For one, it’s not clear what will bring $UST all the way back to its one-dollar value while also bringing $LUNA’s price out of the gutter.  Part of the problem is that, because of how the two tokens are connected, some proposals to save TerraUSD won’t help Luna all that much.  Then there’s the trust issue, in that even a well-designed plan may not attract investors.  

Taking a wider view, there’s also the uncertainty on how to handle future such crashes.  Wall Street has experienced its share of adverse events over the years – from flash crashes, to market manipulation, to full-on market meltdowns – and developed rules and norms to maintain stability going forward.  Stress tests, circuit breakers, and regulations all provide padding that keeps that world (mostly) on-track.  Crypto is a young space and is still sorting itself out. 

Given that, how could stablecoins avoid this kind of crash in the future? 

On the one hand, a key lesson from risk management is that incidents often occur when several smaller problems all happen to collide.  There’s rarely a single, isolated cause.  So while it may mollify some investors to ban algorithmic stablecoins or take some other hasty, sweeping motion, that would be a blunt instrument when precision is in order.  It would serve us well to sort out precisely what factors led to the TerraUSD/Luna fallout so that we can prevent that combination from coming together in the future.

On the other hand, algorithmic stablecoins do not have the best track record.  How many more will we see before someone gets it right?  We can see why some investors would steer clear.

At least something went up in price this week

While plenty of people have had a rough few days, at least someone has experienced a win:

About two weeks ago, the Otherside metaverse land rush saw about $320 million in transactions. (Plus another $175 million in Ethereum gas fees, but let’s not mention that.)  One Otherdeed has already sold for a very large multiple of its original price. Going from about $6,000 to $1.5 million.  Not bad for two weeks of … holding onto an asset.

That said, this wasn’t just any Otherdeed.  It held a special potion.  And when it comes to NFT valuations, such special attributes lend themselves to higher prices.

But what does that potion do? And how will holding that potion improve the in-game experience?  We’re not sure, since Otherside parent company Yuga Labs has revealed very little of what their metaverse implementation will entail.  We’ll have to wait and see.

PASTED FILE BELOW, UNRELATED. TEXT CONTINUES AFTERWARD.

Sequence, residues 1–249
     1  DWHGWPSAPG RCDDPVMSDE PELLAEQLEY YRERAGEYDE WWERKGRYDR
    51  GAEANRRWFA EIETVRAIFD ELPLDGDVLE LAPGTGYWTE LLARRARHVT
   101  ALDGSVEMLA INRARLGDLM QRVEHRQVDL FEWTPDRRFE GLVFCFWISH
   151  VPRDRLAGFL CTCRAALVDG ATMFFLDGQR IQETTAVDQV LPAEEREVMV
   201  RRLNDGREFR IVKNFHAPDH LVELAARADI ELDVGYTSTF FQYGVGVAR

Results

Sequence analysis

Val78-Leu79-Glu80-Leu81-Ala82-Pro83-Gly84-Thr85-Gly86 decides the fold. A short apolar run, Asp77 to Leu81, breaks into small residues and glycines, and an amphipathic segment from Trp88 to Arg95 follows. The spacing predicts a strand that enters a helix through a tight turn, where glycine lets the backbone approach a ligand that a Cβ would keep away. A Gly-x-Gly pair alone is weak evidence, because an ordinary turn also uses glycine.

One thing we do know: if the seller is based in Germany, they can properly report those crypto winnings to the government. The German finance ministry recently released tax guidance on income made from crypto.   

(If you’re so inclined, you can read more on the website for the Bundesministerium der Finanzen.  Auf Deutsch, natürlich …)

In more upbeat news…

Kraft Heinz, the parent company behind Lunchables, Velveeta, and the eponymous ketchup, has its eye on the metaverse.  This isn’t about plots of digital land, though.  The company plans to explore “digital twins” of its facilities and supply chains in an attempt to streamline its operations.   This partnership with Microsoft will allow Kraft Heintz to model and test optimizations in a virtual setting prior to implementing them in the real world.


The Vatican is the religious center of the Catholic world.  The Vatican Museums are home to an immense art collection of over 70,000 pieces.  The museum recently unveiled plans to digitize some of the artwork and make it available as NFTs. The primary mission of the project does not appear motivated by profit; rather, its purpose is “to democratise art, making it more widely available to people worldwide regardless of their socio-economic and geographical limitations.”

The wrap-up

This was an issue of Block & Mortar.

Who’s behind Block & Mortar? I'm Q McCallum. I've spent the past two decades in the emerging-tech space. And I'm very interested in web3 use cases.

Credit where it's due. Big thanks to Shane Glynn for reviewing early drafts. Any mistakes that remain are mine.